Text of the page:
The President of the United States of America takes pride in presenting the Silver Star (Posthumously) to Second Lieutenant Damon Juan Larson (MCSN: 0-49965), United States Marine Corps, for conspicuous gallantry and intrepidity as Leader of a Machine Gun Platoon of Weapons Company, Second Battalion, Fifth Marines, FIRST Marine Division (Reinforced), in action against enemy aggressor forces in the vicinity of Yudam-ni, Korea, on 28 November 1950. When fifteen of the enemy overran one of his machine gun positions during a strong hostile attack against the company's defensive line, Second Lieutenant Larson, in company with one of his men, immediately proceeded to attempt the recapture of the vital emplacement. Fired upon by two hostile soldiers as he neared the position, he succeeded in annihilating one of the enemy before he was mortally wounded by the other. By his superb leadership, aggressive fighting spirit and loyal devotion to duty, he served to inspire all who observed him and contributed materially to the repulse of the hostile attack, thereby upholding the highest traditions of the United States Naval Service. He gallantly gave his life for his country.

National Museum of the Marine Corps

National Museum of the Marine Corps

Samuel Nicholas is commissioned a captain of Marines

#OTD in 1775, Samuel Nicholas was commissioned a captain of Marines by the Continental Congress. He is traditionally regarded as the first Commandant of the Marine Corps.

IMAGE: Portrait of Samuel Nicholas by Col Donna J. Neary, USMCR. Marine Corps Art Collection

Semper fi Sir!

Semper fi Sir!

Wesley Lee Fox (September 30, 1931 – November 24, 2017) was a highly decorated United States Marine Corps colonel with 43 years of service. Fox was a combat veteran — receiving the Medal of Honor for his heroic actions during the Vietnam War, and is considered to be one of the Marine Corps' legendary heroes.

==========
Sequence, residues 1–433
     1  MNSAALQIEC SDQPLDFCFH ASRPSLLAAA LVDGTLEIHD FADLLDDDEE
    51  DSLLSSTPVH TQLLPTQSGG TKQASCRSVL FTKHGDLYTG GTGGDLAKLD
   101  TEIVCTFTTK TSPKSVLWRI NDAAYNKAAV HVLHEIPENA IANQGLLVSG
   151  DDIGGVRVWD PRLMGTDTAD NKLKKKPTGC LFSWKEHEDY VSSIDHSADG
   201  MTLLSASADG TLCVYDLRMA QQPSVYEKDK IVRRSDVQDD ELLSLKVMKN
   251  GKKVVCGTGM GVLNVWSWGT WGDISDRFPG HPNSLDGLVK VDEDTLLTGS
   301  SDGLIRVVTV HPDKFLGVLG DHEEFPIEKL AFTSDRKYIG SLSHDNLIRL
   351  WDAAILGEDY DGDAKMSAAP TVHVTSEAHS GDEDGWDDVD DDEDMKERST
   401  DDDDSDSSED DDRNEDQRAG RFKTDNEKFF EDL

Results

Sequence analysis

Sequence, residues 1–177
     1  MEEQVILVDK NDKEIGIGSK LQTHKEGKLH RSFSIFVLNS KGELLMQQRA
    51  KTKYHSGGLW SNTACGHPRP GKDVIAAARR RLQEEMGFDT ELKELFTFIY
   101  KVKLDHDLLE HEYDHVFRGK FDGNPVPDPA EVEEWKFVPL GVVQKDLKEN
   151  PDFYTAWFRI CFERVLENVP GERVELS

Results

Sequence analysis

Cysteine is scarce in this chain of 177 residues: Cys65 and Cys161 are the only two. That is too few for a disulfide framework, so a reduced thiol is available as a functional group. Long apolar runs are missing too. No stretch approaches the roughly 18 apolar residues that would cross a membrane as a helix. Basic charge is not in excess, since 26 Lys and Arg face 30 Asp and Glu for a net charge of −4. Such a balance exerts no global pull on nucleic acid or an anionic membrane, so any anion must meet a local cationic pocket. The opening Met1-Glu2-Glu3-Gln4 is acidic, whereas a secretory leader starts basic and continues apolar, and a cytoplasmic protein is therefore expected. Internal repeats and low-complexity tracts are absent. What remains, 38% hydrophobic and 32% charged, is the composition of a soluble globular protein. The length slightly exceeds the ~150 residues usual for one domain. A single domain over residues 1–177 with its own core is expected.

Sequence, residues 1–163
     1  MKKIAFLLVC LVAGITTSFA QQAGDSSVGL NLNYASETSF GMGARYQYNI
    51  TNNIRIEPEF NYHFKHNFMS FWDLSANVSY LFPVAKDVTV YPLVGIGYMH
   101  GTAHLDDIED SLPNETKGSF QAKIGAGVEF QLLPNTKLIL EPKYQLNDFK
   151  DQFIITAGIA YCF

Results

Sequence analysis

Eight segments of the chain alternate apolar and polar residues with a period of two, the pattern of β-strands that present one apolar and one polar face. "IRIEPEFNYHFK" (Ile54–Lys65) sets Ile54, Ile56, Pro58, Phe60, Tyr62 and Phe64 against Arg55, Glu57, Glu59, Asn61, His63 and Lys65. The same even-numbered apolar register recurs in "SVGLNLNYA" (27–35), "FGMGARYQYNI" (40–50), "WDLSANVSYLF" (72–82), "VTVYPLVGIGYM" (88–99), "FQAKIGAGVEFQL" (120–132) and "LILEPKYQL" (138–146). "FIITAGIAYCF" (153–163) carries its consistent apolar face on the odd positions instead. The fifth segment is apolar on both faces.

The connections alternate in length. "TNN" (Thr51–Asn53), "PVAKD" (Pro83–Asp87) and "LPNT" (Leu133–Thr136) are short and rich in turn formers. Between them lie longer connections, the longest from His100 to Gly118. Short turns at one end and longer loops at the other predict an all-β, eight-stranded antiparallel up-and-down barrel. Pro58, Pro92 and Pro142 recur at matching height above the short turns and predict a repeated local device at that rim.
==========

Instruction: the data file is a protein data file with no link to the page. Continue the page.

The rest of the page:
Installation of officers and December meeting
12/7/20 @ 1900

Happy Thanksgiving Marines! Please remember the men and women that are serving around the world in the arm services.

Happy Thanksgiving Marines! Please remember the men and women that are serving around the world in the arm services.

The Red Patches!

The Red Patches!

Artifact Highlight - World War II “Shore Party” Helmet

This WWII combat helmet, with a small one-inch red square, was worn by Chief Petty Officer Frank L. Allen.

Prior to WWII, Allen worked for the National Advisory Committee for Aeronautics (NACA). Skilled in engineering and survey work, he enlisted in the Navy in 1941 and was eventually assigned to a construction battalion, a type of unit the Marine Corps severely needed in their island campaign through the Pacific.

With the need for larger amphibious missions, the "Shore Party" concept became a vital part of amphibious operations. These forces marked routes inland, organized the beach, directed units and supplies to the front, and controlled stragglers and prisoners. As the Marine Corps could not find enough engineers and other personnel quickly enough to suit their needs, five Naval Construction Battalions ("Seabees") were transferred to the Corps to augment their engineer regiments in the Shore/Beach Party role. CM1c Frank Allen's 18th Naval Construction Battalion was one of these units and would become the 3rd Battalion, 18th Marines (Naval Construction) on 23 April 1943. As a part of 3/18, Allen participated in the fierce combat for Tarawa.